Decision over school riverbank delayed after parents complain

Parents are complaining that their children are being made to walk along a dangerous river bank at S

Parents are complaining that their children are being made to walk along a dangerous river bank at Salters Lode after a bus route was axed from Downham Market. Picture: Ian Burt - Credit: IAN BURT

A council has delayed a decision to remove free school bus passes after parents complained their children were being made to walk along a dangerous riverbank where a teenager had previously died.

Norfolk County Council (NCC) wrote to parents in Salter's Lode, near Downham Market, to say free school transport would be removed after October half-term because it had identified a suitable walking route along the River Ouse.

Residents said the route is too dangerous because there is no designated pathway or lighting and the weather is often quite windy.

They also highlighted how 18-year-old Jonathon Barber was swept to his death in 2008 after being blown into the river by a gust of wind.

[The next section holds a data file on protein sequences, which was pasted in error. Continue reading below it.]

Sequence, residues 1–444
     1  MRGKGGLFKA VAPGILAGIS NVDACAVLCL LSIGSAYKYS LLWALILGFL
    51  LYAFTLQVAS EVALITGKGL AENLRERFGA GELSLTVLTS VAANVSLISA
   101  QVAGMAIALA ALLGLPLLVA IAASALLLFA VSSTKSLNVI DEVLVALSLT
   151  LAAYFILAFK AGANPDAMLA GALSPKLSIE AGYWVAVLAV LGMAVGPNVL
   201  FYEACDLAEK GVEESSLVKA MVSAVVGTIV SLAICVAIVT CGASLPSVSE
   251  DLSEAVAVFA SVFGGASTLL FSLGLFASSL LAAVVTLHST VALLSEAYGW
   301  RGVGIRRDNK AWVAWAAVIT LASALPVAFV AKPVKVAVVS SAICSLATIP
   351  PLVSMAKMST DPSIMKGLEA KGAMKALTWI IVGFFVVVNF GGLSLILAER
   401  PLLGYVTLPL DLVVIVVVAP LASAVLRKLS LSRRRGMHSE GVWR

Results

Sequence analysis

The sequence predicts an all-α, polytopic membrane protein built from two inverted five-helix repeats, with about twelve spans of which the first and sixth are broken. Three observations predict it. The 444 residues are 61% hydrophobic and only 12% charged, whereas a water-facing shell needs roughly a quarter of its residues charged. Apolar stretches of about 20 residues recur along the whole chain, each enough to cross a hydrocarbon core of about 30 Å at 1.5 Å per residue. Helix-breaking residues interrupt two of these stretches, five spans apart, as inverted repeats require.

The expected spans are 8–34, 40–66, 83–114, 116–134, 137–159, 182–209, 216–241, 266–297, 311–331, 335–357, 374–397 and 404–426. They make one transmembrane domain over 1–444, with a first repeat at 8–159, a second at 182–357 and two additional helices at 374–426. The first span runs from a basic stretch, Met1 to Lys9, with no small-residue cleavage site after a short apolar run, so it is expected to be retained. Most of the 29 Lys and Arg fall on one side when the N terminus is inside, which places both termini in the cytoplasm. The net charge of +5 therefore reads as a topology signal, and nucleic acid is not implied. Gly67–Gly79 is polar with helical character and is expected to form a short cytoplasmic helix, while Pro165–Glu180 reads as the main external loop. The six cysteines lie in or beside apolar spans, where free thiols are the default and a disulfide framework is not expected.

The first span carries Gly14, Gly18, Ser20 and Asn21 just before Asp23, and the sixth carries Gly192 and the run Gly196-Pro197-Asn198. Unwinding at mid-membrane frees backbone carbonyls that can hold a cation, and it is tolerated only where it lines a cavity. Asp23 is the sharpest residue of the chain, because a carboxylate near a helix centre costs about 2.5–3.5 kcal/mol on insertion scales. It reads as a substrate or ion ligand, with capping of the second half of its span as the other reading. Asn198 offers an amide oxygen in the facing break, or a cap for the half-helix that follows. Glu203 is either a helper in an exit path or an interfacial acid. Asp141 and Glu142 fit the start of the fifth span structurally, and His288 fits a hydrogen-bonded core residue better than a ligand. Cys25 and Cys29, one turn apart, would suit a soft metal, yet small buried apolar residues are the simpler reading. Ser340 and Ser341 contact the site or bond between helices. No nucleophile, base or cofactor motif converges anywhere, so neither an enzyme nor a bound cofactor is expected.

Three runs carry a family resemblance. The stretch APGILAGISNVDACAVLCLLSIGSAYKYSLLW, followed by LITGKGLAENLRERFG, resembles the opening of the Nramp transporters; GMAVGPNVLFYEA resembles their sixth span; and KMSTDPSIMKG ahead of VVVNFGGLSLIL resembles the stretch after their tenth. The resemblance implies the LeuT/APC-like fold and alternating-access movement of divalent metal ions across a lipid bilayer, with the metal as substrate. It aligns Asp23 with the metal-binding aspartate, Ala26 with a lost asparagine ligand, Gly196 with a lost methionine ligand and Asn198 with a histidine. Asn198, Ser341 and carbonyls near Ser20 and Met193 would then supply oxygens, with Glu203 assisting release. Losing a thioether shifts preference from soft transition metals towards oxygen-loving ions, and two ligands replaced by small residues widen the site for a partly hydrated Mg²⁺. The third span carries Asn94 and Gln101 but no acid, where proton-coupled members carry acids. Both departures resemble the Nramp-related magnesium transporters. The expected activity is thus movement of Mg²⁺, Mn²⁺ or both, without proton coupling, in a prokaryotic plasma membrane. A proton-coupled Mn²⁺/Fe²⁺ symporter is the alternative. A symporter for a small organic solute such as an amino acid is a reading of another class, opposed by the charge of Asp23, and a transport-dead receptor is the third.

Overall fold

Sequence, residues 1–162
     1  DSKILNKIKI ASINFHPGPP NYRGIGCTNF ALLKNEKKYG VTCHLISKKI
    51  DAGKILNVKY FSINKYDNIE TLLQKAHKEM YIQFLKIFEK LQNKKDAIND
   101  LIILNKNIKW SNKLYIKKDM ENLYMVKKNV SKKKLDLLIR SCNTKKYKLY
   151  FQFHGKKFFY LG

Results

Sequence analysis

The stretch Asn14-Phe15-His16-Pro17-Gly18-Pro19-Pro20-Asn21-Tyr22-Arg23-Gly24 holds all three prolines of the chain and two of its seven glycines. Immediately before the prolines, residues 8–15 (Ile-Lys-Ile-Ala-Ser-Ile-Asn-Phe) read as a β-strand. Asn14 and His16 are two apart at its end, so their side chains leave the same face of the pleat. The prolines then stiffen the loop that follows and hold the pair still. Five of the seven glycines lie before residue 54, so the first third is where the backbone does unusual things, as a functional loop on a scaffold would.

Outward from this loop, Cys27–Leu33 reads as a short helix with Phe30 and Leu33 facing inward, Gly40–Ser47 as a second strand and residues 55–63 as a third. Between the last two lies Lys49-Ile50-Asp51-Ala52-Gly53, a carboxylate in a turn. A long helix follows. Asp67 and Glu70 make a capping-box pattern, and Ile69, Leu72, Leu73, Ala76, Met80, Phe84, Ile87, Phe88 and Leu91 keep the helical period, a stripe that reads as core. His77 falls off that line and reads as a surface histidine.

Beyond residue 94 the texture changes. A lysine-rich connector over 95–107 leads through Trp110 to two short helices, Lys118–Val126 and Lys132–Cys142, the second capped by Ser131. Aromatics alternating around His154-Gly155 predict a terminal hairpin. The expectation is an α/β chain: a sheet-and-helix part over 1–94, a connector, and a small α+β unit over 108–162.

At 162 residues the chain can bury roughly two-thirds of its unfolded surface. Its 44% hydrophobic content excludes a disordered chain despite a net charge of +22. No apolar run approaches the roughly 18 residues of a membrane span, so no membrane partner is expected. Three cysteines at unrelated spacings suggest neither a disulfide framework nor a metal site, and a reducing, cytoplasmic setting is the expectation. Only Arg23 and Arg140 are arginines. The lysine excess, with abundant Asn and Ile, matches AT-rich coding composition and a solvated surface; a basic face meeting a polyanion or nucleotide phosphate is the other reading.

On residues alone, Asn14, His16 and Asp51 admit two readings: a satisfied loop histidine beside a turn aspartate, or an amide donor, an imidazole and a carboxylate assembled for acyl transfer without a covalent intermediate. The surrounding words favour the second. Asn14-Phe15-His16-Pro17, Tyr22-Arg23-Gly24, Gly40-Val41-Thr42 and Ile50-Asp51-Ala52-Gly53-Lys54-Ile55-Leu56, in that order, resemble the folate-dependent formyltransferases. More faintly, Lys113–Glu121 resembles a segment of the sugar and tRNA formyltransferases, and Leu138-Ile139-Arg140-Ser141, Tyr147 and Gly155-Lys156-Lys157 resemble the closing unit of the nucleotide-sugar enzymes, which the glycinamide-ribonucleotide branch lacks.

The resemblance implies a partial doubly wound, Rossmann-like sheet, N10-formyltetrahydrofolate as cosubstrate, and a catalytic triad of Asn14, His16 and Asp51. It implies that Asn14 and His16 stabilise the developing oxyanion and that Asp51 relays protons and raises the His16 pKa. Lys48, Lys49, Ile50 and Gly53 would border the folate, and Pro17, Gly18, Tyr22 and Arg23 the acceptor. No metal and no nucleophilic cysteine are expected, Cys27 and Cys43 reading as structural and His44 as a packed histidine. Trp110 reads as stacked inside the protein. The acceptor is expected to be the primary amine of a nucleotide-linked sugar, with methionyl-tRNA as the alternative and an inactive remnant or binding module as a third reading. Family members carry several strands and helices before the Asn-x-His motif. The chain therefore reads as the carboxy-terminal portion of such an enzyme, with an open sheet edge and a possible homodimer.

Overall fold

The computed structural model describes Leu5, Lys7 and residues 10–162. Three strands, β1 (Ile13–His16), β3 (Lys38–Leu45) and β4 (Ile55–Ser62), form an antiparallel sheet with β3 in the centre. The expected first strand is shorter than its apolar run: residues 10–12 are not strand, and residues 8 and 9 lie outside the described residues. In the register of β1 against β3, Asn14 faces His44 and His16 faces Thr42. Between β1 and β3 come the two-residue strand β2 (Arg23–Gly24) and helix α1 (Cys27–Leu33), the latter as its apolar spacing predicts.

After initial complaints, NCC wrote to parents and Downham West Parish Council to confirm its original decision, saying the route was assessed twice by staff from its travel and transport services team.

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However after a query from the EDP, an NCC spokesman said: 'It has been agreed that the implementation will be postponed to allow further assessments to be undertaken to take into account inclement weather – a particular concern that has been raised.'

The spokesman added that the council was writing to parents to say free transport will be extended to spring half-term 2014 while the route is considered further.

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Parish councillor Robin Pegg wrote to NCC, saying: 'My judgment is that this is extremely dangerous and certainly not suitable for schoolchildren to walk along.'

South West Norfolk MP Elizabeth Truss visited the route and said it is 'not suitable and could potentially be extremely dangerous when there are high tides and extreme weather conditions'.

Julie Ballantyne, of Waterman's Way, Salter's Lode, whose son Oliver, 10, is due to start at the Downham Market Academy next September, said: 'I've always told him it is too dangerous to walk along. Now someone is undermining my decision.'

Malcolm Judd, of Downham Road, Salter's Lode, whose son Mason, 14, and daughter Tyral, 12, attend the school, said: 'My children are not going to walk along there – it is as simple as that.'

Under council regulations, those living more than three miles from their school qualify for free transport. Salter's Lode is 2.9 miles away.

NCC added: 'It is important to emphasise that this decision was not based on financial considerations.'

It also said: 'It is not necessary that pupils must follow the shortest walking route.'

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